Was Andre Villas-Boas’ (a.k.a. AVB) first season in England a complete failure? Chelsea was fifth in the league, and trailing 1-3 to Napoli in Champions League when he left. Roberto Di Matteo earned Roman Abramovich his dream trophy but Chelsea still finished sixth in Premier League, only to qualify for next season Champions League through the defending champion rule.
The root of AVB’s failure in Chelsea was that he could not read the Russian millionaire’s mind. The three year “project” is to slowly phase out the older generation, like Nicholas Anelka, Didier Drogba, Frank Lampard, but delivering titles are as always the top priorities. AVB could have been thinking about rebuilding a new Chelsea era within three years.
Not all the Tottenham fans are behind the appointment of AVB, given his disastrous season with their fellow London rivalry. However, there are couple of reasons which would give them a more positive reaction towards their new Portuguese manager.
First of all, Tottenham has already proved they have the assets to become one of the Big 4 in the Premier League. The loss of Luka Modric will be a big blow, but Tottenham has always been regarded as having one of the strongest benches in Premier League. The addition of Sigurdsson, Vertonghen, Adebayor and maybe followed by Lloris and Moutinho, demonstrates that they are addressing correctly the weaknesses in their squad.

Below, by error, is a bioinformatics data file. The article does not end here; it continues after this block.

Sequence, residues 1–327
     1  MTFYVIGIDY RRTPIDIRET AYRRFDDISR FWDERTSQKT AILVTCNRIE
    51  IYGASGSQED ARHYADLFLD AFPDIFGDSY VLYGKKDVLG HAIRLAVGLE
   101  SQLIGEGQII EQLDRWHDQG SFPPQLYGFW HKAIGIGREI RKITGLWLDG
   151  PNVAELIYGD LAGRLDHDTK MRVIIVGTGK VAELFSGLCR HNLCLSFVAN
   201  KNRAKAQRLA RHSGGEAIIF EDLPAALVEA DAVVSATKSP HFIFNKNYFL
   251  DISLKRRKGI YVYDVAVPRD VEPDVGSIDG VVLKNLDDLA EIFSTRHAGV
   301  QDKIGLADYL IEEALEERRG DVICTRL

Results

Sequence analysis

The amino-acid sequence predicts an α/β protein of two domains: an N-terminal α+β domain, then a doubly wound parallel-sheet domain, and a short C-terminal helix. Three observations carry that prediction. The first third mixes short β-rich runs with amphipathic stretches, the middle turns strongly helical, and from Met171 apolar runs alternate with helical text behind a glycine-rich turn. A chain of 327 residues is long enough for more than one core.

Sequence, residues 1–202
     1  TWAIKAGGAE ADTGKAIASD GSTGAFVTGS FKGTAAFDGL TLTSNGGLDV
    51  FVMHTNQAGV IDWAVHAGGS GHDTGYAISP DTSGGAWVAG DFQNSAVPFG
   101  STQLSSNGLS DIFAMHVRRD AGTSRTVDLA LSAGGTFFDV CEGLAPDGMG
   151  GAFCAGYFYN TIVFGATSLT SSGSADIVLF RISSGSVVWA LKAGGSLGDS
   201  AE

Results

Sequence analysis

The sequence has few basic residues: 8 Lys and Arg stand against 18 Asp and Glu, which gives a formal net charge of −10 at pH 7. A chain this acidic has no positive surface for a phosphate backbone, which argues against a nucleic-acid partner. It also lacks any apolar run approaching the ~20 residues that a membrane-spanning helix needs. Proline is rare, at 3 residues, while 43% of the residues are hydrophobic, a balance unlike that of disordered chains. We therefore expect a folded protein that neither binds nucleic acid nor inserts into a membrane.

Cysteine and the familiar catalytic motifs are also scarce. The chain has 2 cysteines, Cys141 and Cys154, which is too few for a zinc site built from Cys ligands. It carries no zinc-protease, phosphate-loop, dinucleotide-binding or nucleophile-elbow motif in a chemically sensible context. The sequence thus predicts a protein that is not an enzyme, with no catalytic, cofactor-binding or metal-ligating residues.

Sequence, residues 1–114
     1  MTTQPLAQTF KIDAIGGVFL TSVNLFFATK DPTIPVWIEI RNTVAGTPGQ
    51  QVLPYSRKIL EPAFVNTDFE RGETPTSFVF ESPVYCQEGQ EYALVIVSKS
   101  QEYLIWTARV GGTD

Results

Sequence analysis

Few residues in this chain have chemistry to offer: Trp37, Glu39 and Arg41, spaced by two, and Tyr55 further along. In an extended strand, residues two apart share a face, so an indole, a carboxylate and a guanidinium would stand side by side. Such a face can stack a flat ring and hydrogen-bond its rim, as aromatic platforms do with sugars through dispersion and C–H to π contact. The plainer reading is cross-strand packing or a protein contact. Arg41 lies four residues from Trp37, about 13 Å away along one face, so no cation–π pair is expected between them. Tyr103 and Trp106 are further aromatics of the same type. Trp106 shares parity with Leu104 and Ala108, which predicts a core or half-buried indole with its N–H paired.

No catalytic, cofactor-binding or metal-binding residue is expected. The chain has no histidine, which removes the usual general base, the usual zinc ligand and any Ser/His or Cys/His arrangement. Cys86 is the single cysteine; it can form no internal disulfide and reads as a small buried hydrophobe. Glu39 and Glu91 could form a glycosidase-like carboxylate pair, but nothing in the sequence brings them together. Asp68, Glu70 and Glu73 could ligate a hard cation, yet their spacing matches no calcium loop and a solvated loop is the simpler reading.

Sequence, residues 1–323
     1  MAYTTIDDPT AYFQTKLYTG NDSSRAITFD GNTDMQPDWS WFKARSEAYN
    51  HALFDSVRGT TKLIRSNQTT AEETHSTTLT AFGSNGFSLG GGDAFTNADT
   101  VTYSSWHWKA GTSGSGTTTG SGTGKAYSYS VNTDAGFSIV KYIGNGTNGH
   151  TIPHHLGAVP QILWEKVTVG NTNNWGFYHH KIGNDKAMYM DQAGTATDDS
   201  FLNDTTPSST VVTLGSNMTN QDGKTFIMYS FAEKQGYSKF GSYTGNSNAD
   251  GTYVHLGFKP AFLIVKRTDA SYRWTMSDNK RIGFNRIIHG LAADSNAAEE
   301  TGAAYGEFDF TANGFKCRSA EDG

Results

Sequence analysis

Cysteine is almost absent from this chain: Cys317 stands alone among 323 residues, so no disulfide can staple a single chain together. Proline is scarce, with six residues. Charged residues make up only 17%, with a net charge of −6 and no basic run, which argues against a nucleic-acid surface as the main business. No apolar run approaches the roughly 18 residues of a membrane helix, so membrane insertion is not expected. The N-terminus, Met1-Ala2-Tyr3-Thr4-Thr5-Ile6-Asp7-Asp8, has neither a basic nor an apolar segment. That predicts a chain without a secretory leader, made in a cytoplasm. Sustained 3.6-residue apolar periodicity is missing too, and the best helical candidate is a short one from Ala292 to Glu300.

Although Harry Redknapp has brought competitiveness and success to Tottenham, there is something missing in his philosophy to transform Tottenham into a title challenger — tactics. His inability to maintain the squad fitness and make game-changing substitutions was widely criticised. Although AVB’s talents in tactics are yet to be revealed in England, expectation would be high given his assistant coach career under Jose Mourinho, a masterclass football tactician.
More importantly, the target for Tottenham in 2012-13 is as clear as ever, Champions League football. The flirt about title challenge last season might have overwhelmed and disillusioned the players, which could be evident in the 2-5 loss in Emirates Stadium. Now they are focused and strongly determined to regain what they have gifted away last season.
Andre Villa Boas’ ability has already been proved in Porto. He is nothing short of motivation after his frustrating and forgettable year in Stamford Bridge, but this was also a year that matures the 35 year-old manager, who had come under intensive spotlight for the first time in his career.
Chelsea has a core group of very strong characters. In contrast, Ledley King, Michael Dawson, Gareth Bale and Scott Parker are those who would rather do the talking on the pitch than in the dressing room. A less chaotic dressing room could help AVB regain his focus in football. Together with the support from a chairman like Daniel Levy, do not write off Tottenham’s chance to be the leading club in London again after a 17 years spell.